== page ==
But, I’m not advocating for anything in particular today. Just thinking. For me, I’m considering what I have learned from my list of projects this fall. You see I had a long list of things to work on and almost none of them are complete. In some cases, this is because my list was problematic, and I was working on the wrong thing. In others it was because the scale of the job was larger than I’d hoped. And, of course, in several cases other priorities emerged. So, what have I learned?

First, I’ve learned that managing during a pandemic that appears to be under control is only slightly less exhausting than when we had no idea what would happen next. We started the fall pressing for vaccinations and hoping for normalcy only to encounter Delta. We did well, but just as I was getting optimistic about an even more normal spring, Omicron appeared. I guess, from this I must learn not to predict more than two or three weeks into the future. That sure makes it hard to plan things!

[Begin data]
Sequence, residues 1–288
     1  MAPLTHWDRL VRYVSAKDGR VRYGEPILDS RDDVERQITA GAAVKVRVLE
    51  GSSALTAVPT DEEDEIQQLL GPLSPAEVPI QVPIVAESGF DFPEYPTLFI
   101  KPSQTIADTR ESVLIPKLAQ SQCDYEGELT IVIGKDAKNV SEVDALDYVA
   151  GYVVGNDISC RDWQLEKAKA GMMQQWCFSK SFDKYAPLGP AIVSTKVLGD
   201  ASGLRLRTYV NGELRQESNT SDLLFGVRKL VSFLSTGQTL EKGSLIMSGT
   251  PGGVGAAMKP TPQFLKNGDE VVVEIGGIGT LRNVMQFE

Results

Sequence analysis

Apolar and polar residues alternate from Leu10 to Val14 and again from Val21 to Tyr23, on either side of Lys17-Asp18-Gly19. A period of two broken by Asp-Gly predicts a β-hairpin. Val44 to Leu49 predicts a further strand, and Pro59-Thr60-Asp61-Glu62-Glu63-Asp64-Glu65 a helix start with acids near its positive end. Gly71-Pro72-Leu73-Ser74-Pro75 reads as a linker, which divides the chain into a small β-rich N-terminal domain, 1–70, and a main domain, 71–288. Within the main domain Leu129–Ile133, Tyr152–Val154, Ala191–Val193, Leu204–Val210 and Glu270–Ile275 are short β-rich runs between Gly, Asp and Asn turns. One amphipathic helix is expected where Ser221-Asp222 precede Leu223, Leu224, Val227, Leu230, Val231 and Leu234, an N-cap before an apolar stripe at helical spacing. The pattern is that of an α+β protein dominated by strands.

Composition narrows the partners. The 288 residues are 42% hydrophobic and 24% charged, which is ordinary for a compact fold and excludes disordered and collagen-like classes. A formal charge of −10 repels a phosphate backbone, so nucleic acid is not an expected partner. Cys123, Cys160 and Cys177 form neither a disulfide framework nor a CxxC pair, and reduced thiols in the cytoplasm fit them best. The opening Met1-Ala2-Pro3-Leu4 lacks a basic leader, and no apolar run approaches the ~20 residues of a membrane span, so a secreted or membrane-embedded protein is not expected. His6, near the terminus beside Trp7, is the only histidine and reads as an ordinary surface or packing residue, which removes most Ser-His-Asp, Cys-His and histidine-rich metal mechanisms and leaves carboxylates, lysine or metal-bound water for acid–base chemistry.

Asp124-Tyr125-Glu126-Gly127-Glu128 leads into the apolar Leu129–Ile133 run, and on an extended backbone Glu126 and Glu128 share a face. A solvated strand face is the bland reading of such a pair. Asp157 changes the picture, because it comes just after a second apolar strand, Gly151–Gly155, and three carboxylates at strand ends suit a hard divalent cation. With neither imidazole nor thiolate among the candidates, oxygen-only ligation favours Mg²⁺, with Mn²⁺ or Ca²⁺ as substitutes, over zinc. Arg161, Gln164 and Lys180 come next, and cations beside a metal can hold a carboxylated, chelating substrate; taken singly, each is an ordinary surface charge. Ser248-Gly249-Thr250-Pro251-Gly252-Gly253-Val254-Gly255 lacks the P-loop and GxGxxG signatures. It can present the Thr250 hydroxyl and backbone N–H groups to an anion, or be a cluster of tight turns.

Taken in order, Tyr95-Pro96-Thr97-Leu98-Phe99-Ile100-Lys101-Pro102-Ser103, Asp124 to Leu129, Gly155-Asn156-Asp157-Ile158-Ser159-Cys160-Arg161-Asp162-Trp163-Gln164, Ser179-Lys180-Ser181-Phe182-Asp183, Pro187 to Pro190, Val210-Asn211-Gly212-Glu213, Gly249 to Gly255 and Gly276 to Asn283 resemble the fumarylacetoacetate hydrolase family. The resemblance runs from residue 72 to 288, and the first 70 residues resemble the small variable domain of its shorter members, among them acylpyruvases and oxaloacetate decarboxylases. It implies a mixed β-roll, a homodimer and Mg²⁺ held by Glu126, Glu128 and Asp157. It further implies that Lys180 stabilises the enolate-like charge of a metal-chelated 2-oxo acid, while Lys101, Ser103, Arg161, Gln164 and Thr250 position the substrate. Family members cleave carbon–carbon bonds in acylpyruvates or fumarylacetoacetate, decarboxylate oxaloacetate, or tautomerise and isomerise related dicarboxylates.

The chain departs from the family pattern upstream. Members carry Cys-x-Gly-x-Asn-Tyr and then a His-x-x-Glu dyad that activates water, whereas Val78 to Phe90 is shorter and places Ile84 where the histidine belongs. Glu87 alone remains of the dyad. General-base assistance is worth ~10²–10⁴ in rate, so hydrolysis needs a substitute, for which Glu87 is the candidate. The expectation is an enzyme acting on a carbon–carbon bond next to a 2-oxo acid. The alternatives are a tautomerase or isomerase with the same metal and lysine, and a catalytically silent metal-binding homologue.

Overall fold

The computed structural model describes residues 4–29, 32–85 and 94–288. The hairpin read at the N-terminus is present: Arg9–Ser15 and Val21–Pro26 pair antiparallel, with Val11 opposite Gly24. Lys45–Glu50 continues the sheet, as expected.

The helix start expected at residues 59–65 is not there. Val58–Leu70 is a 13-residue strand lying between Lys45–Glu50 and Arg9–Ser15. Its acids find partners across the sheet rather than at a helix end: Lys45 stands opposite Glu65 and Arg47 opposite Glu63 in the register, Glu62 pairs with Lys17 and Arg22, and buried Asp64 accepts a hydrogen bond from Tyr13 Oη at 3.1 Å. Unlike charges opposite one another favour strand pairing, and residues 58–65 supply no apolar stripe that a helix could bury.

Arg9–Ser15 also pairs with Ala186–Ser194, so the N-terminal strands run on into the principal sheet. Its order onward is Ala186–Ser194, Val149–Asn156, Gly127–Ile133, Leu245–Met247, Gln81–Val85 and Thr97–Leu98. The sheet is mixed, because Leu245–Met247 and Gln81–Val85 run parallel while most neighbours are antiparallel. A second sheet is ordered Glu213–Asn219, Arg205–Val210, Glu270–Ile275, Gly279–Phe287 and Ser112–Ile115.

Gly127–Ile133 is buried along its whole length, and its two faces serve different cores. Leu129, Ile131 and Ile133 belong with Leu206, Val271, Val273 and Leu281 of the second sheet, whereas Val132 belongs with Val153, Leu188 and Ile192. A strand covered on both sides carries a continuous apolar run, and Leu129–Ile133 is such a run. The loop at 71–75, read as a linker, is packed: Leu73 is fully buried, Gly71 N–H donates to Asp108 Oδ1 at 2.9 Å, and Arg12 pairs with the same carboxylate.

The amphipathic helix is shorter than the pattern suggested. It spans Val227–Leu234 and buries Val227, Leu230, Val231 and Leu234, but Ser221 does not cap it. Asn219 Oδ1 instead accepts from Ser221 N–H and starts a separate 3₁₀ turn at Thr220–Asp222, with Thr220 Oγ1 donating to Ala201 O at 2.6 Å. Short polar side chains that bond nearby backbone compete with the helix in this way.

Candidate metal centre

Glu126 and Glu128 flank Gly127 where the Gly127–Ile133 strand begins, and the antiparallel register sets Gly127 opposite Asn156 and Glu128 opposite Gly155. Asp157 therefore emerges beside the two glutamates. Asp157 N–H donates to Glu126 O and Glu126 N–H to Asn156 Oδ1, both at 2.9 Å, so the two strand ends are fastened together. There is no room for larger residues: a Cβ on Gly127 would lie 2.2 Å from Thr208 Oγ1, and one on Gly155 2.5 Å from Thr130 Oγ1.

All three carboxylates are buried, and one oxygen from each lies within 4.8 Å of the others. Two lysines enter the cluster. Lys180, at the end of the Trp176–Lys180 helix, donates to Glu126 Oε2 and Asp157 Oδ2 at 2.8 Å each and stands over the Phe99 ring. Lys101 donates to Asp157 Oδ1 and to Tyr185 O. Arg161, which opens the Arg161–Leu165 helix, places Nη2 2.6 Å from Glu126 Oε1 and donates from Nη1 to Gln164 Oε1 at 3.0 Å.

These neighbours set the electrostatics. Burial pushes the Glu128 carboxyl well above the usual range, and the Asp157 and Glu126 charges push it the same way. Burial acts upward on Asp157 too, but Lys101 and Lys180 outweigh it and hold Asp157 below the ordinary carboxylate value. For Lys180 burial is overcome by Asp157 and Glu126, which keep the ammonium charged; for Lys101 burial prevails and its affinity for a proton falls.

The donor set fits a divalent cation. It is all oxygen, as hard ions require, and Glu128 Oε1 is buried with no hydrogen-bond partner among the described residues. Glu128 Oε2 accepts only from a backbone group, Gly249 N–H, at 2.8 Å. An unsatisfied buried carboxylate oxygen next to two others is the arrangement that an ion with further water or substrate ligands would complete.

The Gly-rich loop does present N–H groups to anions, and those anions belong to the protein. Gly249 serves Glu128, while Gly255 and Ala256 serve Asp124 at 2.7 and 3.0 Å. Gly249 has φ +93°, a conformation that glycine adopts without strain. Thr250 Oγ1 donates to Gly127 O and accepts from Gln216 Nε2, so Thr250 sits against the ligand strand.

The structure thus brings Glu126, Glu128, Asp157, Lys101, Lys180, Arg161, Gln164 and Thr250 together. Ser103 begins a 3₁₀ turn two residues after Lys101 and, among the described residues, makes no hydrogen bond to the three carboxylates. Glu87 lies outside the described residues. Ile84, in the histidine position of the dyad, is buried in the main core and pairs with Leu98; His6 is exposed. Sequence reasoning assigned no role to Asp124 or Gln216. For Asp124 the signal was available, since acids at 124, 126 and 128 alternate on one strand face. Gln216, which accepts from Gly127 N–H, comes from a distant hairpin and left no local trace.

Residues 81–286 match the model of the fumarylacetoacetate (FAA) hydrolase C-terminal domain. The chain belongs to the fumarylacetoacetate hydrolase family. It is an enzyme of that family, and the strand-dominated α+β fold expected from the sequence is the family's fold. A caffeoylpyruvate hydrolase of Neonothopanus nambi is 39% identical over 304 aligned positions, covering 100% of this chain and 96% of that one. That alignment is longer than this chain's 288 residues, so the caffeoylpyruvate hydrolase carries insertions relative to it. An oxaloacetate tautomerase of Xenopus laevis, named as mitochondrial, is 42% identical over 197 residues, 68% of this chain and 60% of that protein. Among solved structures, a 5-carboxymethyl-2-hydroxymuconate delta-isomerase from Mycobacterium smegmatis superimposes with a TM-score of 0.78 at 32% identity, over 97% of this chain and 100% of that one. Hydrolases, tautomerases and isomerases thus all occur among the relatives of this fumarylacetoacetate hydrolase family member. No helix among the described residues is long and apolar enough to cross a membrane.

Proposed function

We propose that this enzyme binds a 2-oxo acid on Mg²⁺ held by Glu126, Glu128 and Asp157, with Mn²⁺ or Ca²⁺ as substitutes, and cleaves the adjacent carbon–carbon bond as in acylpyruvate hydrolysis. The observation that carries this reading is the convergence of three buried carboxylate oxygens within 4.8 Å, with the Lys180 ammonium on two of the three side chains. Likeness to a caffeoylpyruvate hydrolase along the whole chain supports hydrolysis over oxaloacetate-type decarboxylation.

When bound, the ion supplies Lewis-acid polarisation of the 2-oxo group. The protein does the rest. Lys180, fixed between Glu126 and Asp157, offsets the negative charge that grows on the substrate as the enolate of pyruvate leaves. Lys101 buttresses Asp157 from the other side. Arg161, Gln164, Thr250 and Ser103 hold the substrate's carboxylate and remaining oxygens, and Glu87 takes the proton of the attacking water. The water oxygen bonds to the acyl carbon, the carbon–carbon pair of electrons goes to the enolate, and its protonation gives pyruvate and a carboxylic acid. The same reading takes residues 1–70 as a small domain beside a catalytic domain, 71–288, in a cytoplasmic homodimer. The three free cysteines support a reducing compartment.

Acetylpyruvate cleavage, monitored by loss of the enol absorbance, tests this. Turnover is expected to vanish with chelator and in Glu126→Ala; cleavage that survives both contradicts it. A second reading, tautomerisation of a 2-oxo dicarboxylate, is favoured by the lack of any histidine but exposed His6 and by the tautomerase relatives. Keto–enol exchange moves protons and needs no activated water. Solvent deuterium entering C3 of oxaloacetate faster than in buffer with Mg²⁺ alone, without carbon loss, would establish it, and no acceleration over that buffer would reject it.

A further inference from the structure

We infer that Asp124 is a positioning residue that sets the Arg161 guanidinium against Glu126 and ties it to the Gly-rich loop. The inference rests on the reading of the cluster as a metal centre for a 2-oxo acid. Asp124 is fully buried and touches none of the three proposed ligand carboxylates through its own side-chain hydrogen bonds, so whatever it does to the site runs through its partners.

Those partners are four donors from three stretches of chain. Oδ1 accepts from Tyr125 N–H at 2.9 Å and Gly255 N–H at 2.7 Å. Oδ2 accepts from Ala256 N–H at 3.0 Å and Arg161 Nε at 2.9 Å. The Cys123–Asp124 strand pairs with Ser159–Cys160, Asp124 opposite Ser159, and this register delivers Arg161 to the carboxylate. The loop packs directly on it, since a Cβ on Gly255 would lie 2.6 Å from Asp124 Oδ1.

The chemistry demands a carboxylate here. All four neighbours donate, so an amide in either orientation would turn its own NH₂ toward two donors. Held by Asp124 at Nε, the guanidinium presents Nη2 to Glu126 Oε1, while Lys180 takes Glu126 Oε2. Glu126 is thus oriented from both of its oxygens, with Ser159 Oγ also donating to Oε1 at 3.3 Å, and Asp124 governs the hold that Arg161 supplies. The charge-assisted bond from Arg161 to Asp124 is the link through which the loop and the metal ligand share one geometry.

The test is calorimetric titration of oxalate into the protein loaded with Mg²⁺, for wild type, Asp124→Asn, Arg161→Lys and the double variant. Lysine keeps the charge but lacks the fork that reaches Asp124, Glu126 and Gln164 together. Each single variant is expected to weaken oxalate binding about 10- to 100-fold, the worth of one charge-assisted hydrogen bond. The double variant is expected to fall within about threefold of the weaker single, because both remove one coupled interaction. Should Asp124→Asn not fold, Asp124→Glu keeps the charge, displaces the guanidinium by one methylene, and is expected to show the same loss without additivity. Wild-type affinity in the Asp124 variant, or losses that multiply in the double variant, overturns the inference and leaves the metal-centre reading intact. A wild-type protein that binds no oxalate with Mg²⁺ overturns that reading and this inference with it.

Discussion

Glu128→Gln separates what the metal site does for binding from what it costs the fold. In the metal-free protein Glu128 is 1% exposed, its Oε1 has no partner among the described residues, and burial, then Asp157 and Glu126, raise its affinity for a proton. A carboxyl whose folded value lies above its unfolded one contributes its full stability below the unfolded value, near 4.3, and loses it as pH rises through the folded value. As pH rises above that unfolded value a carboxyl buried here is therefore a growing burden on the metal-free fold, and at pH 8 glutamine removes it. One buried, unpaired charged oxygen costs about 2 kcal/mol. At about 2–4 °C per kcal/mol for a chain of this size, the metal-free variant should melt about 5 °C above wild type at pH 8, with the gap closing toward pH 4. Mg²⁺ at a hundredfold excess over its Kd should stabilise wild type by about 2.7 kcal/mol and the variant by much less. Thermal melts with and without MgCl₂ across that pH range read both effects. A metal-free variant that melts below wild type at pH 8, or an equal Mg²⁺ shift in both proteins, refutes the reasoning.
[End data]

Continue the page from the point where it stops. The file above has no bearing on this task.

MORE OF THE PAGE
Second, I’ve learned that simple tasks have a way of turning into giant, multifaceted projects if I don’t continuously rein them in. This is, of course, the nature of the academic mind. We see the connections from one idea to the next, never wanting to settle on the narrow focus. This is wonderful in so many ways, and it can keep me from ignoring critical variables, but at some point this habit of expansive thinking is a way of avoiding decisions. In this case, I’ve learned to try to limit the number of variables to be considered in any project that I’d like to see completed. Note the word try. I might not be able to do this.